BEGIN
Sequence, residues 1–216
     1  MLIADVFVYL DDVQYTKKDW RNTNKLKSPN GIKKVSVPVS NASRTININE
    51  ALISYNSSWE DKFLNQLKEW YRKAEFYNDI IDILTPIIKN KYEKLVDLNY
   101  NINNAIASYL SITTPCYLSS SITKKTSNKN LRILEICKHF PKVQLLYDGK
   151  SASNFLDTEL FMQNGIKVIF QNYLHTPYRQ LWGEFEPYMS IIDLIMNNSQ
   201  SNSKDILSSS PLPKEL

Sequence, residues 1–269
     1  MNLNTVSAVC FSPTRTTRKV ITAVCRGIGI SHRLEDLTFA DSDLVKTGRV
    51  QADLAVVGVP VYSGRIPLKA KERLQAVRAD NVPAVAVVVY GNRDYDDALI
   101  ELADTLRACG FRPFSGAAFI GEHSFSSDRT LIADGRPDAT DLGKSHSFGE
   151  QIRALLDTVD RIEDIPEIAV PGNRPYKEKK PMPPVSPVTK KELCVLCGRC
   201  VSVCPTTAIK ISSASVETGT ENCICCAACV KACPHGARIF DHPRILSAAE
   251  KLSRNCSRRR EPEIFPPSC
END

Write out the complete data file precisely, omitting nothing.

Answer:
Sequence, residues 1–216
     1  MLIADVFVYL DDVQYTKKDW RNTNKLKSPN GIKKVSVPVS NASRTININE
    51  ALISYNSSWE DKFLNQLKEW YRKAEFYNDI IDILTPIIKN KYEKLVDLNY
   101  NINNAIASYL SITTPCYLSS SITKKTSNKN LRILEICKHF PKVQLLYDGK
   151  SASNFLDTEL FMQNGIKVIF QNYLHTPYRQ LWGEFEPYMS IIDLIMNNSQ
   201  SNSKDILSSS PLPKEL

Sequence, residues 1–269
     1  MNLNTVSAVC FSPTRTTRKV ITAVCRGIGI SHRLEDLTFA DSDLVKTGRV
    51  QADLAVVGVP VYSGRIPLKA KERLQAVRAD NVPAVAVVVY GNRDYDDALI
   101  ELADTLRACG FRPFSGAAFI GEHSFSSDRT LIADGRPDAT DLGKSHSFGE
   151  QIRALLDTVD RIEDIPEIAV PGNRPYKEKK PMPPVSPVTK KELCVLCGRC
   201  VSVCPTTAIK ISSASVETGT ENCICCAACV KACPHGARIF DHPRILSAAE
   251  KLSRNCSRRR EPEIFPPSC